That's not something I've ever seen you do, and I've actually heard you speak movingly about what it was like being there in January and watching Obama be inaugurated. Obviously some of these people that hold these views about Obama's legitimacy are conservative.

Would you have any message for them? Do you think Obama's a legitimate president, that this birther issue should be set side and that those people should move on on the issues?

Congressman King: "I spent my time before the inauguration to look into that because I thought it was the time to do so.

"We discovered working with a small group and their staff in the Library of Congress the microfiche copy of one of the two Hawaii newspapers that published the birth announcement of President Obama on Aug. 4, 1961.

"It was published on either Aug. 10 or 16. I looked at that copy, and we began to play that out on how would that actually be there in many of the public libraries in America if he wasn't born in Hawaii.

"It almost comes down to, yes, that information could have been sent, but his mother would have had to imagine that she was protecting the interests of a future president in order to do such a thing.

"I don't think anyone has that kind of clairvoyance, yet alone a young mother, at that time.

"I came to the conclusion that it's improbable that Obama was not born in Hawaii as he says.

"I just don't understand why he wouldn't ask under Hawaiian law that the certificate of live birth, the real legitimate birth certificate, be released to the public. I've seen the one that they put out. It doesn't look exactly like some of the others they've used to compare it.

"So I just wish the subject weren't there. I think he could have avoided the subject if he would have just simply laid his birth certificate out.

"I don't know what his motive for not doing that would be unless it would be something that is embarrassing, that he doesn't want us to know, and, otherwise, I think he would have let us know. But he's the one that has to answer that, and we have core public policy things to move forward on, and that's not a priority of mine to dig into it.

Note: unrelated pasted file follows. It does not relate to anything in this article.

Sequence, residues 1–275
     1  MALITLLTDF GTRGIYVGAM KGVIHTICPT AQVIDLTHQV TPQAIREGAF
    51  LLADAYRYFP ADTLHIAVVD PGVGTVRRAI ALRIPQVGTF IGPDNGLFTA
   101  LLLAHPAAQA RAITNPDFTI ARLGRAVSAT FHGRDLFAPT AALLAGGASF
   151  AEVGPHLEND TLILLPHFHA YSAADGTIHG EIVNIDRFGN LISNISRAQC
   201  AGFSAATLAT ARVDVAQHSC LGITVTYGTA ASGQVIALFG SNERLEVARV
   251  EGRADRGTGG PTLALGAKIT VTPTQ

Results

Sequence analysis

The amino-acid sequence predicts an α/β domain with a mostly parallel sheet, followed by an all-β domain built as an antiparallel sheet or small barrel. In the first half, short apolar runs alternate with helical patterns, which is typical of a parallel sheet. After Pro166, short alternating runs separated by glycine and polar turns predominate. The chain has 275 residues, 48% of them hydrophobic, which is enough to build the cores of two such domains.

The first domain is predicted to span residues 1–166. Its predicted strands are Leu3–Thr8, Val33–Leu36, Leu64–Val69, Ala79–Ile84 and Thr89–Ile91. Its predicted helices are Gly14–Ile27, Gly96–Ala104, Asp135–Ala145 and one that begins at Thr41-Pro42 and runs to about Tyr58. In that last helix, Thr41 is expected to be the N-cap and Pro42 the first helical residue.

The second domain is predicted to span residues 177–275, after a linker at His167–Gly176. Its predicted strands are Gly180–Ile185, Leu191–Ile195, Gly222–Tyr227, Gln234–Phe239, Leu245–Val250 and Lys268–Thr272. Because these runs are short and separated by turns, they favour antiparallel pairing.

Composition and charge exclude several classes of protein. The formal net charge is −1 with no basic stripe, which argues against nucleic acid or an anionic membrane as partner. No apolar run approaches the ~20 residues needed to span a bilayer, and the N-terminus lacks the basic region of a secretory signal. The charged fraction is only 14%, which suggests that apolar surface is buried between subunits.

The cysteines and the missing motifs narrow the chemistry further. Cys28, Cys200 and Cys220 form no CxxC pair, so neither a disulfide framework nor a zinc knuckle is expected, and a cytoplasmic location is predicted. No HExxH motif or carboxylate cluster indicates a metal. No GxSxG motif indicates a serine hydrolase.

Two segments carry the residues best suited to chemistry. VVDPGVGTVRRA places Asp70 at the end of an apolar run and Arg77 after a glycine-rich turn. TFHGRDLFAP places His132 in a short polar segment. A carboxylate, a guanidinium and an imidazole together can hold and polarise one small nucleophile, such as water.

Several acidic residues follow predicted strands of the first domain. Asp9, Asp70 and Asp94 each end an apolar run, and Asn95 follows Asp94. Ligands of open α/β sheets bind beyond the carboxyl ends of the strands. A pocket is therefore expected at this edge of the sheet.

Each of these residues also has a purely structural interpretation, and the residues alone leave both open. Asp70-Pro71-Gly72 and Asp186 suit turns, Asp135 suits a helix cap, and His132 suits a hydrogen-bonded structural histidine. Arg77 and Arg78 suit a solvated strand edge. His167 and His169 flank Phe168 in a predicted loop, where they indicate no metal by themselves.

"The truth will eventually emerge."

*****

If government is so terrible ...

Daily Times Herald: You have a lot of concern about government involvement with health care. One place where that occurs right now, some would say successfully, others would have issues with it particularly in light of some of the stories that have broken in the last few weeks, is the Veterans Administration. If the government is terrible at running health care, should the services provided through the VA be privatized?

Congressman King: "I think our Veterans Administration does a good job with the health care that they deliver to our veterans. We've been expanding the clinic access in the district - Shenandoah and here (Carroll) and up in Spirit Lake. We continue to work on that. The standard that we want is I don't want to see a veteran drive more than an hour to go to any clinic. That expansion's taking place, although the Veterans Administration deserves the lion's share of the credit.

"I don't see them always move when we push. But we're getting it done. We visited a VA hospital in Des Moines not that long ago, and their technology seems to be keeping up pretty well with the technology I'm aware of.

"I'm hearing from veterans they get good service. Now there are exceptions to that, but I don't want to see us privatize that. The veterans have earned the health care that we're giving them. In fact, they've earned more than we're giving them."